Toss the Razor to ‘Shave Lives’
Movember, commonly referred to as No-Shave-November, is when men and women across the globe join together to raise awareness and funds for men’s health issues – specifically prostate and testicular cancer initiatives. This month, as beards and moustaches become more prominent, Movember aims to change the ‘face’ of men’s health by putting a hairy twist on some serious issues.
According to cancer.org, “about 1 man in 7 will be diagnosed with prostate cancer during his lifetime.” And the National Cancer Institute estimates 233,000 new cases will be diagnosed in the US in 2014 and 29,480 deaths will occur due to prostate cancer.
Prostate cancer statistics are hair-raising, in part, because prostate cancer is unlike most other cancers. There isn’t a visible abnormality. It’s difficult to diagnose because it’s silent. Men commonly do not experience any glaring symptoms in the early stages. Furthermore, some prostate cancers can be deadly, but others can cause minimal problems creating more confusion. Fortunately, with increased awareness through movements such as Movember, education and prostate cancer testing, it is increasingly likely that more men will be diagnosed in the early stages. If detected and treated early, there is a 97 percent success rate if treatment is pursued.In addition to prostate cancer, men should also be aware of some other health issues. The most common cancer in males between the ages of 15 and 35 is testicular cancer. It is estimated that 7,920
men will be diagnosed with testicular cancer and 370 will die in 2013. Furthermore, 13 million men over the age of 20 have diabetes, 6 million men are diagnosed with depression each year and 24 percent of men are less likely to go to the doctor compared to women.
Unless a man develops a chronic condition as a child, such as asthma, he is likely to forgo routine physical examinations. Many men wait until they are faced with a health crisis or until someone pushes them to make an appointment. In additional to raising awareness about male specific cancers, the Movember movement stresses the need for men to maintain an ongoing relationship with their primary care physician and to schedule annual exams and routine screenings. Men need to be aware of any family history of cancer, adopt a healthier lifestyle and educate themselves on common health concerns including cancers, diabetes, high blood pressure, heart disease and depression.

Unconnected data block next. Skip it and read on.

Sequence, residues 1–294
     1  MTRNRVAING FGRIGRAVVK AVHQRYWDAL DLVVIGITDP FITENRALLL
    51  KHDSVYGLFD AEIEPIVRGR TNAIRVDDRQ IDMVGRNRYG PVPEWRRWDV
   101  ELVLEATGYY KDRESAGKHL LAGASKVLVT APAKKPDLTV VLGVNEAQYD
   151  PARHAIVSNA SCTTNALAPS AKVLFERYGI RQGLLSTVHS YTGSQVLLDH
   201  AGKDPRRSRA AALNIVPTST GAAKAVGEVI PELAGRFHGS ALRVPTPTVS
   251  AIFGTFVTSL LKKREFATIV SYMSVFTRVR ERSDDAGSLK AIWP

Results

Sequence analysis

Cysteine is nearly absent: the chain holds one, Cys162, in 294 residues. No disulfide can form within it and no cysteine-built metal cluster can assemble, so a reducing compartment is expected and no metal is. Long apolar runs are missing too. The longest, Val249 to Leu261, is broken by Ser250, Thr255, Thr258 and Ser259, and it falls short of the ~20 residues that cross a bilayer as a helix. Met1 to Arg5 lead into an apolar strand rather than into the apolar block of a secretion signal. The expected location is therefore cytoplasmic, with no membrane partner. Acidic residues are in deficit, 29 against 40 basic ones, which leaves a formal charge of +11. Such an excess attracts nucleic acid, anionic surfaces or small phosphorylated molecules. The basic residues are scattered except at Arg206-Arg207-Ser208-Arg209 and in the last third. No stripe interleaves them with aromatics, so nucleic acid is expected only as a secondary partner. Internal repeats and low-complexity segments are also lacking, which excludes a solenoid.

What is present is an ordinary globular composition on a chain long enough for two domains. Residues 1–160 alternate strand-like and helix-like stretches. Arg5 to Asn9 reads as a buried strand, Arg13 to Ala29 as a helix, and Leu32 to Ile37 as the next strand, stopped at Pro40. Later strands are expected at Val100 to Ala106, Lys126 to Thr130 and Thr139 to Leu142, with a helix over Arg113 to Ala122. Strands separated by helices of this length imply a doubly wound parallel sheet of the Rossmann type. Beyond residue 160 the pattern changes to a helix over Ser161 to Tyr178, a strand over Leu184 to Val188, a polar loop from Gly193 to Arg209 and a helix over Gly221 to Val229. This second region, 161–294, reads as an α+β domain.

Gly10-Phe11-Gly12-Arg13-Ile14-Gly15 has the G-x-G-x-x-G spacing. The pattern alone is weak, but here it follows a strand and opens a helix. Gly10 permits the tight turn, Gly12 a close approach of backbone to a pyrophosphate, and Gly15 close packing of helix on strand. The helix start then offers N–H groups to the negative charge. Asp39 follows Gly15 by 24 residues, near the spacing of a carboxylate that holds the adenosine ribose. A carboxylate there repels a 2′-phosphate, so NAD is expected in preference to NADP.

While the statistics on men’s health and more specifically male specific cancers are indeed startling, the level of awareness, understanding and support for men’s health, specifically prostate and testicular cancer lags significantly behind that of women’s health causes. As we pass through October and breast cancer awareness month, we redouble our efforts to save lives and reduce the number of preventable deaths among men. I am proud to actively participate in Movember, even if, as my wonderful wife points out, I might have a bit too much grey.
If you or a loved one has been diagnosed with prostate, testicular or another type of cancer, Portneuf Cancer Center is here for you and your family. Treating cancer patients, for all of us at Portneuf Cancer Center, is more than just health care. We want to offer our patients faster, gentler, yet highly effective treatments that improve, prolong and even save lives. By pioneering significant innovations and clinical solutions for treating cancer, we are helping to advance the standard of human care. To learn more about the cancer therapies, our support groups or to speak to someone in the Center, call 208-239-1750. To find another type of physician, call Portneuf Medical Center’s physician referral line toll-free at 1-877-721-6673.
Dr. Michael Callaghan is a board certified radiation oncologist. He serves as the Medical Director for Portneuf Cancer Center.